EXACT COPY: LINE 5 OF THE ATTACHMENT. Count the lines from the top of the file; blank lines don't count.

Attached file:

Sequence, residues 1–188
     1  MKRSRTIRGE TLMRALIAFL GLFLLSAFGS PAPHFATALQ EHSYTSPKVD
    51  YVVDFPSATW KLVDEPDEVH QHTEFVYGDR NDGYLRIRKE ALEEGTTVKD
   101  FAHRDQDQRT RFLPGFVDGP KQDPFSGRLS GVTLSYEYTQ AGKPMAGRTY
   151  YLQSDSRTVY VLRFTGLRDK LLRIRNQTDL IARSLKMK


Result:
   151  YLQSDSRTVY VLRFTGLRDK LLRIRNQTDL IARSLKMK